Limerick childcare workers welcome new pay deal


LIMERICK SIPTU members working in early childhood care and education have welcomed the establishment of an Employment Regulation Order (ERO) that sets minimum pay rates for the sector, which was signed off by the Government this week.

Early years teacher Kia Fleming from Ballyneety told the Limerick Post the increase “is very important to me personally”.

“It means an extra two euro an hour in my pay packet and, just as importantly, I now feel that time I put in planning and organising outside of working hours is valued.”

Kia has been working in childcare for five years and is currently school room leader in the Delta Little Academy on the Ballysimon Road.

Kia said that “the signing of this ERO by Minister of State for Business, Employment and Retail Damien English marks an historic day for our profession”.

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“After years of campaigning, we finally have our first pay deal. Thousands of early years professionals will see a pay increase that will end poverty wages and set us on a path to professional pay and recognition.”

She added: “Our profession is 98 per cent female. We educate and care for tens of thousands of children every day, yet our profession has been one of the lowest paid jobs in Ireland”.

“Up to now, a majority of early years educators have earned below the living wage of €12.90.”

But Kia said this is just the first step in giving early years carers and educators the conditions they deserve.

“We still need to have benefits like sick pay tackled. We don’t get sick pay and there are no pensions.”

The pay deal, negotiated by SIPTU Organisers and activists on behalf of the union’s 6,000 members in the sector, will set legally binding rates of pay and will come into effect on September 15.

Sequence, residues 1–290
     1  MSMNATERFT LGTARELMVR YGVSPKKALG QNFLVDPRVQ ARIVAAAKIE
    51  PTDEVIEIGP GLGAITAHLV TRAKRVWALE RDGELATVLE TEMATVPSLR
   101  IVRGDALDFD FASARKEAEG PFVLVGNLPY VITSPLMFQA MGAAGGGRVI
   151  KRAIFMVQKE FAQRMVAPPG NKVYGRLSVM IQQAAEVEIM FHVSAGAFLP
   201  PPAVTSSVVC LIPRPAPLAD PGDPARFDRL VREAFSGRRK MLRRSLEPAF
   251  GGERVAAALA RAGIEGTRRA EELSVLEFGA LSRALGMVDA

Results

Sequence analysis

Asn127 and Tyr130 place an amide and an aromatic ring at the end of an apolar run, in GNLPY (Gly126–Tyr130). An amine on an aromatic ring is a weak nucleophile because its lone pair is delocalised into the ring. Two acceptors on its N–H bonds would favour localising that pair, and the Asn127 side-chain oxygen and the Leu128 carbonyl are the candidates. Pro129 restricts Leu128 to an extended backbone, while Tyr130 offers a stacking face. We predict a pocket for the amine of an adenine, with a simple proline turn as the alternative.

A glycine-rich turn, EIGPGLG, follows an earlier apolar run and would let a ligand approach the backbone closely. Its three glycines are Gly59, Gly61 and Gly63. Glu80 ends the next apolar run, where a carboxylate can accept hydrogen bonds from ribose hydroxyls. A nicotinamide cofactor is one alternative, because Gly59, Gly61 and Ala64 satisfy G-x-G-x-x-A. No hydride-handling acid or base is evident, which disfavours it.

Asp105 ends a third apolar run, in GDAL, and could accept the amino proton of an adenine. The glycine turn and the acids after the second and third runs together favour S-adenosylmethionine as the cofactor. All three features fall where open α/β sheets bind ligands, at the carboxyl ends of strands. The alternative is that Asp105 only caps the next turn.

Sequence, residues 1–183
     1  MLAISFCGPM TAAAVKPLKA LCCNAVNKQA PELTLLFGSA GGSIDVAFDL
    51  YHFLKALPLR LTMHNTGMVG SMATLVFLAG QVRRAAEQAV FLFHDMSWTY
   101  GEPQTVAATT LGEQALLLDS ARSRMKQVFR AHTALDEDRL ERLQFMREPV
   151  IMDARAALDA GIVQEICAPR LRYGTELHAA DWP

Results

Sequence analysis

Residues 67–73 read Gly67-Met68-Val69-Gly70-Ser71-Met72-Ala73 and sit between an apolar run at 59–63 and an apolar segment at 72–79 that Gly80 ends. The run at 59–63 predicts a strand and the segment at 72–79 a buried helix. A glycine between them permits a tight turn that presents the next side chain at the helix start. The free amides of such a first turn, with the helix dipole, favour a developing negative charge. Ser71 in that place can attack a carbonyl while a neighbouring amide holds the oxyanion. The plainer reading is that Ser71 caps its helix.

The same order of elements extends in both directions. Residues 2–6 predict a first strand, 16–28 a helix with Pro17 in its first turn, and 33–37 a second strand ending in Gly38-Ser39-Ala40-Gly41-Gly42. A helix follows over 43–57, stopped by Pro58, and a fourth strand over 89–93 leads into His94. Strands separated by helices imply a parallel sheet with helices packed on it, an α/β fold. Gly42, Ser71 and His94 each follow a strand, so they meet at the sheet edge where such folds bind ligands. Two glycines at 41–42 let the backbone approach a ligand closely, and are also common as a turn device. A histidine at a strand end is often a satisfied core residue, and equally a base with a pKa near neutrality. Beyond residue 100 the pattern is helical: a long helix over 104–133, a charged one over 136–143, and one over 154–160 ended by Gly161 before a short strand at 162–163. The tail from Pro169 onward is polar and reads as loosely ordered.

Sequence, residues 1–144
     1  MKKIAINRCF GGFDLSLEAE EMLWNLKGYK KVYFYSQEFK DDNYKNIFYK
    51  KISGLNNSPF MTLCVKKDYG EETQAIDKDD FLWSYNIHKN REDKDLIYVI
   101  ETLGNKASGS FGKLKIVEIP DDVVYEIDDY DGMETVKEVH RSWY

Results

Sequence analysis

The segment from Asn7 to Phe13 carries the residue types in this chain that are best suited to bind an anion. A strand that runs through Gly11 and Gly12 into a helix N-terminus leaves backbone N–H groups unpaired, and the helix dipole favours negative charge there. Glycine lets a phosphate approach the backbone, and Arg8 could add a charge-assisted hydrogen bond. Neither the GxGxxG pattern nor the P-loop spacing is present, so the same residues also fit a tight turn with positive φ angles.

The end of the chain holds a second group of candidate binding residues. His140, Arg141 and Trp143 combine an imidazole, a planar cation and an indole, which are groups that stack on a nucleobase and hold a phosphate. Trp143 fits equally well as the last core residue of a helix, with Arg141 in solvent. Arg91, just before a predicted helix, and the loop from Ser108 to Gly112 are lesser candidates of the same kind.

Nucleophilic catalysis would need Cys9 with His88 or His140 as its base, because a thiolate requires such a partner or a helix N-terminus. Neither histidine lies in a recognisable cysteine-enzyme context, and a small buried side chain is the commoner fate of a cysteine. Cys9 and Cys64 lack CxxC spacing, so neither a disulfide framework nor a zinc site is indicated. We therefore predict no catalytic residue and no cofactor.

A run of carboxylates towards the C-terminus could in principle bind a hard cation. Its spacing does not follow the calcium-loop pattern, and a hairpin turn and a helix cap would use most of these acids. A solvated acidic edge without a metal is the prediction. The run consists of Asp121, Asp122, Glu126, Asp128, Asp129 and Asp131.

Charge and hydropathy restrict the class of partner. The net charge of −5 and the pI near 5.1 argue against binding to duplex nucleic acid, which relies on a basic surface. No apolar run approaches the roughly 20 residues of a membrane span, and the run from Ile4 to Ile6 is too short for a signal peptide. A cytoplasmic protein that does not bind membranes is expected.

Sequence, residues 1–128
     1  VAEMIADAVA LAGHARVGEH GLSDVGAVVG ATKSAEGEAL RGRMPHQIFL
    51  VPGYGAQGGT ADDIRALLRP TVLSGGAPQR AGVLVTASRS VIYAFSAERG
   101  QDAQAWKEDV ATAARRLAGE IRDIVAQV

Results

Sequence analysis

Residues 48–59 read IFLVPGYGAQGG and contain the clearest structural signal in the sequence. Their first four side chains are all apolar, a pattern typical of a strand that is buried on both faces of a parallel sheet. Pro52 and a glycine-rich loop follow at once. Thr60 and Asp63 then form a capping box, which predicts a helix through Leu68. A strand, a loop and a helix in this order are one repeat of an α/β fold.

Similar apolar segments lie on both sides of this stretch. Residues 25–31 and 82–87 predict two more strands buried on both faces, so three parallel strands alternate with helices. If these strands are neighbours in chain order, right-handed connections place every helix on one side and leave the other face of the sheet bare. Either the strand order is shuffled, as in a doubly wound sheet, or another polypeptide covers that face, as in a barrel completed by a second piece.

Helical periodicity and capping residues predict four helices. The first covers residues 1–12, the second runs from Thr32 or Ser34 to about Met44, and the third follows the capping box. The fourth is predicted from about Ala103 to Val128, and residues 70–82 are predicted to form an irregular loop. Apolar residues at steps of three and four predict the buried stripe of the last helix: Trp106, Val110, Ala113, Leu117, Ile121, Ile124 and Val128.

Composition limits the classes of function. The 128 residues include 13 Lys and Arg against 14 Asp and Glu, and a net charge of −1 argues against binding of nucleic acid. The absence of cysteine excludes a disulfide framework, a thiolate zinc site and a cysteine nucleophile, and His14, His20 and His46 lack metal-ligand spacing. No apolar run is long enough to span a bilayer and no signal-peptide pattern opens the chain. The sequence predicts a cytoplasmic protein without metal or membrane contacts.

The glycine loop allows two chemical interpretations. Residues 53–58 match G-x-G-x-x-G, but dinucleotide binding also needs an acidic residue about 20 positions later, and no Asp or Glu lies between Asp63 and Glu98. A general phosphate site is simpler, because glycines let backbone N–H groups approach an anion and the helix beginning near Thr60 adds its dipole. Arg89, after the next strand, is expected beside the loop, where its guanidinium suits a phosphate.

The pay terms of the ERO are financially supported by a new ‘Core Funding’ scheme which is being introduced by the Department of Children, Equality, Disability, Integration, and Youth.

The pay deal was negotiated at the Early Years Joint Labour Committee. SIPTU organisers represented early years educators and managers with employers represented by the Federation of Early Childhood Providers and Childhood Services Ireland.

SIPTU Organiser Anne Craughwell said: “Low pay has caused a staffing crisis in early years as services struggle to recruit and retain staff”.

“This pay deal, and future pay increases, means that early years professionals can plan to stay in their chosen profession in the long term. These incredible union activists and members are an example to all low paid workers and show that when you get together and organise a union you can change things for the better.

“The average rate currently for an early years educator with a QQI Level 5 qualification is €11.57 per hour, with many earning much less.

“The new minimum rate will rise to a minimum of €13 per hour ,which will see up to a 25 per cent increase for some educators. This is our first pay deal, it’s historic, but it is not our last. The campaign for recognition, respect and professional pay and conditions will continue,” she concluded.